Residence: Homewood, IL
Occupation: Executive with Armour and Co.
Location at time of fire: Passenger decks - starboard lounge
Nelson Morris was by far the most prominent of the four Chicagoans on board the last flight of the Hindenburg, and also arguably the wealthiest of the ship's 36 passengers. During the Civil War, Morris' grandfather had founded Morris and Company, a Chicago meat-packing plant which flourished until its merger with Armour and Company in 1925. Nelson Morris, born on December 22nd, 1891, entered the family business as a young man, and by the time of the 1925 merger was serving as board chairman. Subsequently, Morris took an executive position with Armour.
The Harvard-educated Morris was also a colonel in the Army Reserves, having served in World War I as the commander of a refrigerating plant in France, where he stayed on after the war and took flying lessons, eventually obtaining a French pilot's license.
His first marriage had been to French actress Jeanne Aubert in 1928. Within two years, the couple had separated and subsequently went through an acrimonious and highly publicized divorce. As of 1937, Morris was married to former French musical comedy star Blanche Bilboa (they had been wed on October 30th, 1933) and living in a mansion in the suburb of Homewood, south of Chicago. Morris had been vacationing with Blanche in France during the Spring of 1937 and needed to make a short business visit to Chicago. He had booked passage back to the States for the first week of May on the new German passenger airship, the LZ-129 Hindenburg, and intended to return to Europe on the Hindenburg's May 14th flight.
No stranger to airship travel, Morris had flown twice on the LZ-127 Graf Zeppelin, once sharing officer's quarters with one of the ship's captains on an overbooked flight. After his first flight in August of 1929, Morris wrote to his brother Edward, "This is the most interesting experience I have ever had in my life... I cannot find the words to properly express the sensation." Morris also almost made the Graf Zeppelin's famous round-the-world flight in 1929. With the Graf Zeppelin fully booked, Morris had arranged to take the spot of anyone who happened to cancel at the last moment. He waited hopefully at Friedrichshafen as the Graf Zeppelin cast off for Japan, at last running alongside the ship's gondola as it sailed across the airfield, hoping in vain for a last-moment change of heart from Dr. Eckener.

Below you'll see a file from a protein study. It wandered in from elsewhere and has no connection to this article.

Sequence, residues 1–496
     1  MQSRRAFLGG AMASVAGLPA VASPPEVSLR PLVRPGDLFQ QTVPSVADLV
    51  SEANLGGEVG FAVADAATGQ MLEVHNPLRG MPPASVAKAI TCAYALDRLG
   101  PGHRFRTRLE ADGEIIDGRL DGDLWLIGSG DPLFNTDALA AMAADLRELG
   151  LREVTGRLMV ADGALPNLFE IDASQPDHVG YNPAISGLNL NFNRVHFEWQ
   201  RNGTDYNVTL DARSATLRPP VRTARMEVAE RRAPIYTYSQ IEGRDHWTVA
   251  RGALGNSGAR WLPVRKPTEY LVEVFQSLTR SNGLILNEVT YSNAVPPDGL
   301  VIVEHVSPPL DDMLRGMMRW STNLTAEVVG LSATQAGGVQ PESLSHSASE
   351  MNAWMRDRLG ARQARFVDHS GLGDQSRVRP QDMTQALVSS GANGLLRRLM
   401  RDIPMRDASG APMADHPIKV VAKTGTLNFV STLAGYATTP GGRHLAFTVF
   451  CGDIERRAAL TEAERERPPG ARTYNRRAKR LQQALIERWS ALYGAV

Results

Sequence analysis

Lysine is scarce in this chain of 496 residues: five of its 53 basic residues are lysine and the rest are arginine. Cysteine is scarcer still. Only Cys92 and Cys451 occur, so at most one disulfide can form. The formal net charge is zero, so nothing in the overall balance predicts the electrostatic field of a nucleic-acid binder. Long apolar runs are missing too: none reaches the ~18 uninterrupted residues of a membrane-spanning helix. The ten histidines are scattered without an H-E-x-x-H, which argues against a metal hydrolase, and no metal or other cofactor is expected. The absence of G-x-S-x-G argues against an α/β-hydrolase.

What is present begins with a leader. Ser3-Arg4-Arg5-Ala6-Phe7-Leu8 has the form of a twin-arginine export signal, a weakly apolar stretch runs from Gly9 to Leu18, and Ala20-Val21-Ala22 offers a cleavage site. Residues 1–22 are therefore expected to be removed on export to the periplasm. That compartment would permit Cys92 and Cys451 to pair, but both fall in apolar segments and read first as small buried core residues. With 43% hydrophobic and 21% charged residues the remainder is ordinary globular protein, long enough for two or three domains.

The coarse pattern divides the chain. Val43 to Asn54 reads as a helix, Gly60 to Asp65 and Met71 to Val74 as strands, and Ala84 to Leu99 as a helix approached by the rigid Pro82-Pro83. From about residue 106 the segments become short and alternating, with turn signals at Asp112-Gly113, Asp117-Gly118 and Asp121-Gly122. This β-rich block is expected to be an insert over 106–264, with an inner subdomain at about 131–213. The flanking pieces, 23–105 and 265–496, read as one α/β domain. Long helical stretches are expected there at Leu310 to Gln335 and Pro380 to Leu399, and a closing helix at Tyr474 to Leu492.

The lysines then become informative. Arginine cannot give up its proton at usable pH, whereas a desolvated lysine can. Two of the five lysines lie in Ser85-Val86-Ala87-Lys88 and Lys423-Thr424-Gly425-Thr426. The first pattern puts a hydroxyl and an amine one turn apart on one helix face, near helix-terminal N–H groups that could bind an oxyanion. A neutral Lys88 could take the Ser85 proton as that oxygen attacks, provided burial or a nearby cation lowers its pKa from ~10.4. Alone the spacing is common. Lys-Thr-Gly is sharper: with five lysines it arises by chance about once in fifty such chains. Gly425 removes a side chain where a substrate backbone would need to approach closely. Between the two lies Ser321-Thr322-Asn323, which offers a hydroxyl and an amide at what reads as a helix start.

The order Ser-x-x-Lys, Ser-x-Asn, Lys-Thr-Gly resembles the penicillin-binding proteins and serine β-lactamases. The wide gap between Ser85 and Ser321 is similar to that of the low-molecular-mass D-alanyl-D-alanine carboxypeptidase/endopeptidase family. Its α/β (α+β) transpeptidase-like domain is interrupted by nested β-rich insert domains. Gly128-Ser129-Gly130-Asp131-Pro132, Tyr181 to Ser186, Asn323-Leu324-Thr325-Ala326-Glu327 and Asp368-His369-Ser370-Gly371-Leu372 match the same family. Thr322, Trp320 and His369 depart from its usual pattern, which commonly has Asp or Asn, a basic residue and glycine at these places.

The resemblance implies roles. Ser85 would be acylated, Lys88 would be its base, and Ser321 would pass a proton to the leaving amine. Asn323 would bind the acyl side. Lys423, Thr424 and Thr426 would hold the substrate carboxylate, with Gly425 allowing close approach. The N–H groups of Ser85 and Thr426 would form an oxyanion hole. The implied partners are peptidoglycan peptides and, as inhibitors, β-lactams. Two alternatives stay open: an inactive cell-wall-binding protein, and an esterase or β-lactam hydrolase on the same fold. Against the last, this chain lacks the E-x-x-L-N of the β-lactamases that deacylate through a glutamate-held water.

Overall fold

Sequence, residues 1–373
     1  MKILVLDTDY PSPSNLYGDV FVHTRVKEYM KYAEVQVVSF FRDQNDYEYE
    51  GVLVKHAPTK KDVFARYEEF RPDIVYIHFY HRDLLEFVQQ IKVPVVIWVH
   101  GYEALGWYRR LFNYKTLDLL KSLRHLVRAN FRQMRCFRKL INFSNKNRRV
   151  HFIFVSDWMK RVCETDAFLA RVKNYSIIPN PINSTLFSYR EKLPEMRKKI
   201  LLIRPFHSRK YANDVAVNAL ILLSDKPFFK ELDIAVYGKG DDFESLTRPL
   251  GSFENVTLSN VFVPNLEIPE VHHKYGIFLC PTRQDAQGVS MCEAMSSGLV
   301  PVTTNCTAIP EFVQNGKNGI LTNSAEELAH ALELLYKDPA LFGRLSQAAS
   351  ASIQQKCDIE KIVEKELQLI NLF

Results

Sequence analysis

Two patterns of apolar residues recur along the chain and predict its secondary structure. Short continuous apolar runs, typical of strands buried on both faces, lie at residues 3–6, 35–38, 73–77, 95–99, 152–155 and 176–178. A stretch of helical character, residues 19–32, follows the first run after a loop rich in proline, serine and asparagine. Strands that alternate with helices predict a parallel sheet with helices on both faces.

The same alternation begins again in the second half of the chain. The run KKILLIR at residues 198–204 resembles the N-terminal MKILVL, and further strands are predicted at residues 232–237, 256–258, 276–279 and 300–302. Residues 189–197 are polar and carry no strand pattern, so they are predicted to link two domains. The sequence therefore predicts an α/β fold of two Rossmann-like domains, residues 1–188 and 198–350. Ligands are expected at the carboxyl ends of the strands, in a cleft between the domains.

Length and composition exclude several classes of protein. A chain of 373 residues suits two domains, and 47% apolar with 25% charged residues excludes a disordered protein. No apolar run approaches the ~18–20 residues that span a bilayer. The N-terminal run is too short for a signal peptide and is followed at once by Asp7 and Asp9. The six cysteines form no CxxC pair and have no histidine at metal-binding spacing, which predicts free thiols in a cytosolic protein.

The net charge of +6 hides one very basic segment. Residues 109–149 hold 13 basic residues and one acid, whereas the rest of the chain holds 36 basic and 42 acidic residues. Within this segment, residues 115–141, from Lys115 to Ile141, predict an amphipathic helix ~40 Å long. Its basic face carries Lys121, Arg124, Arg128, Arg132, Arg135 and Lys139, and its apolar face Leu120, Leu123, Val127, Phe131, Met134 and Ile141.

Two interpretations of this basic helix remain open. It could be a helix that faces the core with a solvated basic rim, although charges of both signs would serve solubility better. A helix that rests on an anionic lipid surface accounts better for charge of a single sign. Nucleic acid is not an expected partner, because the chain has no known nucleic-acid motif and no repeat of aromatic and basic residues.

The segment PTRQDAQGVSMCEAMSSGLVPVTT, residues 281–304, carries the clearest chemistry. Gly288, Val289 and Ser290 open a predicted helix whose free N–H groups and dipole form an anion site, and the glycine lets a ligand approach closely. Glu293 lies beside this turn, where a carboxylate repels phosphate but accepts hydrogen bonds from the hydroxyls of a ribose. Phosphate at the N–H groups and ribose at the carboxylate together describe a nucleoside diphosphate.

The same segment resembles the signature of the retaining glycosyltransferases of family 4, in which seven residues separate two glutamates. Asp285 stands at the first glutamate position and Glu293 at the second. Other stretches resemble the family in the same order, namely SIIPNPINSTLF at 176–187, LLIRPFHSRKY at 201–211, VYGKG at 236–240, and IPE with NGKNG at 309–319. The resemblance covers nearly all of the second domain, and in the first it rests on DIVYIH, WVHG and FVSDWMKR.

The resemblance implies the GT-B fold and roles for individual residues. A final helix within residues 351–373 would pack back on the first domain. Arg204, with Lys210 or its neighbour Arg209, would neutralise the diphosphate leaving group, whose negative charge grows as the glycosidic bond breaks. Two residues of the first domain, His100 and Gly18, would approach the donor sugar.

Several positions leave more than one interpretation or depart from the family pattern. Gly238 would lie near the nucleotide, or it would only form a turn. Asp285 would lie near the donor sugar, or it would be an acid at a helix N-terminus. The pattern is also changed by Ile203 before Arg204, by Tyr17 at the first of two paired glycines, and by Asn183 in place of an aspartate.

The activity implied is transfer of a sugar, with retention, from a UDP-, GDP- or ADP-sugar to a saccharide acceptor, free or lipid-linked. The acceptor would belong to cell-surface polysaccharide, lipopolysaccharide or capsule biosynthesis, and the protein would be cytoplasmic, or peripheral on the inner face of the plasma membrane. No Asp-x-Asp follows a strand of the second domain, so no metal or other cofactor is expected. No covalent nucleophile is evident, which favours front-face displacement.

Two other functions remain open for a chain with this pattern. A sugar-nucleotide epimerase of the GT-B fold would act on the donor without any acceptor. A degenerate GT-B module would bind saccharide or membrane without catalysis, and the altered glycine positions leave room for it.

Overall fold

In late April of 1937, Nelson Morris had met up with a longtime friend and business associate, Burtis Dolan, in Paris. Dolan had worked for Morris at Morris and Co. for years, as well as for Armour after the 1925 merger. Within the past year, Morris had recommended his friend for a vice-president's position at Lelong Importing, in which Morris had a financial stake. On meeting Dolan in Paris, where he was finishing up an extended business trip for Lelong, Morris learned that Dolan was preparing to return home via ocean liner. Morris suggested an alternative: that Dolan instead fly home with Morris on the Hindenburg. It would be a far more luxurious way to travel, Morris said, and it was fast enough that Dolan would be able to surprise his family by making it home in time for Mother's Day on May 9th. Morris would cover the fare difference between the Hindenburg and the steamship, and Dolan would cover Morris’ bar tab at the end of the flight.
Dolan agreed, and the two of them decided to tell only Morris' brother Edward, who they cabled back in Chicago with the news and the additional request that he not say a word about it to Dolan's family.
The flight itself was enjoyable for both men, if relatively uneventful. Morris and Dolan were given a private tour of the ship by one of the stewards, and spent the rest of their time socializing with the other passengers. The two men particularly favored the Hindenburg's pressurized smoking room, as it was adjacent to the ship's bar, and Morris himself was a chain smoker. Later, Morris was to recall to crash investigators that none of the passengers acted out of the ordinary, other than one passenger who was drunk for virtually the entire flight.
The Hindenburg first reached Lakehurst shortly before 4:30 in the afternoon on May 6th, ultimately turning southeast towards the Jersey coast to ride out the thunderstorms which covered the area, and Morris and the others watched as they cruised over the various Jersey shore resorts over the next few hours, occasionally hearing the rumble of thunder or the brief flash of lightning in the distance.